Step 3

Create a cryptographic helper class in the Common Portable Library (CryptoForms).

Add the following code in Crypto.cs:

using System.Text;  
using PCLCrypto;  
namespace CryptoForms  
{
    /// <summary> 
    /// Common cryptographic helper 
    /// </summary> 
    public static class Crypto
    {
        /// <summary> 
        /// Creates Salt with given length in bytes. 
        /// </summary> 
        /// <returns></returns> 
        public static byte[] CreateSalt(uint lengthInBytes)
        {
            return WinRTCrypto.CryptographicBuffer.GenerateRandom(lengthInBytes);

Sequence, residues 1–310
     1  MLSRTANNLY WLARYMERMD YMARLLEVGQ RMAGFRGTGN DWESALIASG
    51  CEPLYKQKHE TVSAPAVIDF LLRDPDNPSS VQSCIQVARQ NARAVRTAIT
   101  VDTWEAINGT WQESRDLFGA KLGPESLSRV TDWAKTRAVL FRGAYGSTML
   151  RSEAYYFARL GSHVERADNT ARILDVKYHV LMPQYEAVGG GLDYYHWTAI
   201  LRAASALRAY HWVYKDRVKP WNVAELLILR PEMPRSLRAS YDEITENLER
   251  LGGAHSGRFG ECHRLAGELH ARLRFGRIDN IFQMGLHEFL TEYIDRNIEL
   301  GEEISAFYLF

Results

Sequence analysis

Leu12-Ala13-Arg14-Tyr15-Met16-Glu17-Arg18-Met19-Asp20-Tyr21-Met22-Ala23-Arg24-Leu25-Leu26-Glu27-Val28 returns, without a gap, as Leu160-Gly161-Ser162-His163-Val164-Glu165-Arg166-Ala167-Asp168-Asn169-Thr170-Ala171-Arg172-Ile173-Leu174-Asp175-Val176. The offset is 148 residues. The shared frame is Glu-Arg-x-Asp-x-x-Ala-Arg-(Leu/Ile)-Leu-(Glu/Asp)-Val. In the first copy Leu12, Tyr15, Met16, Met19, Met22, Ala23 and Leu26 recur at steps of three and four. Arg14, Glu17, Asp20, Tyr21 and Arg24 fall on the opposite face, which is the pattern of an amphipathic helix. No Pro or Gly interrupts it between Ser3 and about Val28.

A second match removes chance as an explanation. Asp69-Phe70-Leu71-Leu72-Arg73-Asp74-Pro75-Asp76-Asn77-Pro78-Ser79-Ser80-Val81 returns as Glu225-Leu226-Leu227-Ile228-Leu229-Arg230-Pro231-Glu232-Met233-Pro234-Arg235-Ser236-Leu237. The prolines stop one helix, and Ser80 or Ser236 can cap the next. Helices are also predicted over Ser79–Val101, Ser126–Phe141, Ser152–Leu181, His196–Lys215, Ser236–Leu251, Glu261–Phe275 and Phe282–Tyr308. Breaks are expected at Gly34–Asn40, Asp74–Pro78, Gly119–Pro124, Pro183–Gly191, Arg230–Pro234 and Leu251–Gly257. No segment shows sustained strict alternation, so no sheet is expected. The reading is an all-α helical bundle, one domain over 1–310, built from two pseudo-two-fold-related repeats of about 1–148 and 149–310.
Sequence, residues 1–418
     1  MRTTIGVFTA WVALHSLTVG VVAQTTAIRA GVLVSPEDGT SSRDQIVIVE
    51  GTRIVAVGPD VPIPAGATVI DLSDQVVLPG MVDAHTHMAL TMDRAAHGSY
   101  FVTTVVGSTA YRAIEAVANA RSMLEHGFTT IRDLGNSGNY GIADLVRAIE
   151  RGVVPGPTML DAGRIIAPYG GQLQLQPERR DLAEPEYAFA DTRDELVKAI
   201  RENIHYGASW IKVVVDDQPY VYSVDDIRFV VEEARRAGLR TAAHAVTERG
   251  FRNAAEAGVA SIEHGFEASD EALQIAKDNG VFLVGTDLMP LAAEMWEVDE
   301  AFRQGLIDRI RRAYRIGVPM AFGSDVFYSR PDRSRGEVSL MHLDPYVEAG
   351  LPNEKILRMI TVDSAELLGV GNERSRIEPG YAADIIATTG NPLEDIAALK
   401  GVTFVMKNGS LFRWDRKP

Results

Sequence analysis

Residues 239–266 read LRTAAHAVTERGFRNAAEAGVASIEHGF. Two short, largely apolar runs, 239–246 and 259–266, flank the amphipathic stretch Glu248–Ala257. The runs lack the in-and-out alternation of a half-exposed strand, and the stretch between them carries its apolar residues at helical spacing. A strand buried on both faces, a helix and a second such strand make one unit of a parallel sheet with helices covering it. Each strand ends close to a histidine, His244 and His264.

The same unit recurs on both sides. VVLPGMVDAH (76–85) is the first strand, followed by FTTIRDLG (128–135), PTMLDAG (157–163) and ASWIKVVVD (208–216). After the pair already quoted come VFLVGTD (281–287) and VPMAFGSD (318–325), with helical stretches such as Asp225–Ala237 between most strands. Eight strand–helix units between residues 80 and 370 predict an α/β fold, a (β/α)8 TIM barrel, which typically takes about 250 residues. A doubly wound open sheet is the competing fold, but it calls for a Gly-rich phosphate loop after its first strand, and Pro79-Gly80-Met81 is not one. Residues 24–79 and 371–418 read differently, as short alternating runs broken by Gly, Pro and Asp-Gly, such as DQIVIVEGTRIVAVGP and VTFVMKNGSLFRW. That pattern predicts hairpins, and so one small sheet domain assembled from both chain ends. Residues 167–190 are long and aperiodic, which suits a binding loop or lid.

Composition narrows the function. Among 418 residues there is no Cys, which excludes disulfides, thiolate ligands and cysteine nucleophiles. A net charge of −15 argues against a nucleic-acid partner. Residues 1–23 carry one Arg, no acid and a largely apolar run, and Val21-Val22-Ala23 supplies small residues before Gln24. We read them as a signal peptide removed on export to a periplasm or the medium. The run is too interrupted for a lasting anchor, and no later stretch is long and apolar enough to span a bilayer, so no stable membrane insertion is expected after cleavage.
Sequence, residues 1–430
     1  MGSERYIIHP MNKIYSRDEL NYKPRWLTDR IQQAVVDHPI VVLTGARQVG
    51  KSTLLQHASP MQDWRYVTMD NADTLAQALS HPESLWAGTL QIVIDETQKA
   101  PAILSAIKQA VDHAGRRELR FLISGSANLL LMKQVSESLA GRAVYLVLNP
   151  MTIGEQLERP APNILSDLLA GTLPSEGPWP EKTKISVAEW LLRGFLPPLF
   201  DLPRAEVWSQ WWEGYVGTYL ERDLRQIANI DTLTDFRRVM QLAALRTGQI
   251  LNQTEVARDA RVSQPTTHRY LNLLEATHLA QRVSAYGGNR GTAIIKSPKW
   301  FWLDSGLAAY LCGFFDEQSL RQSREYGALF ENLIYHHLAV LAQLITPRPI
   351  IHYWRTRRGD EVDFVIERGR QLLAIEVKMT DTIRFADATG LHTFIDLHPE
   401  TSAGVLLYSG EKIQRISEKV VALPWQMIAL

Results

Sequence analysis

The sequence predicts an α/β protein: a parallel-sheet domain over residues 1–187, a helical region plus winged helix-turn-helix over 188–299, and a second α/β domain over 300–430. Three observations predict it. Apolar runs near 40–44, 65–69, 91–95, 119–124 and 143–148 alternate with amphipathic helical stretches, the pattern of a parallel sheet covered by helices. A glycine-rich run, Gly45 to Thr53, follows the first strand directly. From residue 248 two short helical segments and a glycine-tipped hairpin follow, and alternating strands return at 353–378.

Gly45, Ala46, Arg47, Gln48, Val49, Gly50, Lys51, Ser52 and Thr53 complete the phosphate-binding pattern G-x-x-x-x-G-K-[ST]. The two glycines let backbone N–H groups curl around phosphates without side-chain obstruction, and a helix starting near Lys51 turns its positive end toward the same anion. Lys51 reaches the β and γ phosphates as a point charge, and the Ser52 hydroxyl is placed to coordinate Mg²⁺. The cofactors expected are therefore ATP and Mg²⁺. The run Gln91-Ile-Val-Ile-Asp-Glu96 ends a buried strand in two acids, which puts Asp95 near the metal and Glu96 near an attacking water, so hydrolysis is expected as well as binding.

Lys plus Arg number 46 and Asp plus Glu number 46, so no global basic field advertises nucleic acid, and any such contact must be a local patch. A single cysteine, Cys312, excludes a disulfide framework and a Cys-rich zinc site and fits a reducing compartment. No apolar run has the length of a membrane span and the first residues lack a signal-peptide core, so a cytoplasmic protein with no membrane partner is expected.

}
        /// <summary> 
        /// Creates a derived key from a comnination 
        /// </summary> 
        /// <returns></returns> 
        public static byte[] CreateDerivedKey(string password, byte[] salt, int keyLengthInBytes = 32,
            int iterations = 1000)
        {
            byte[] key = NetFxCrypto.DeriveBytes.GetBytes(password, salt, iterations, keyLengthInBytes);
            return key;
        }

        /// <summary> 
        /// Encrypts given data using symmetric algorithm AES 
        /// </summary> 
        ///Data to encrypt 
        ///Password 
        ///Salt 
        /// <returns>Encrypted bytes</returns> 
        public static byte[] EncryptAes(string data, string password, byte[] salt)
        {
            byte[] key = CreateDerivedKey(password, salt);
            ISymmetricKeyAlgorithmProvider aes = WinRTCrypto.SymmetricKeyAlgorithmProvider.OpenAlgorithm(SymmetricAlgorithm.AesCbcPkcs7);
            ICryptographicKey symetricKey = aes.CreateSymmetricKey(key);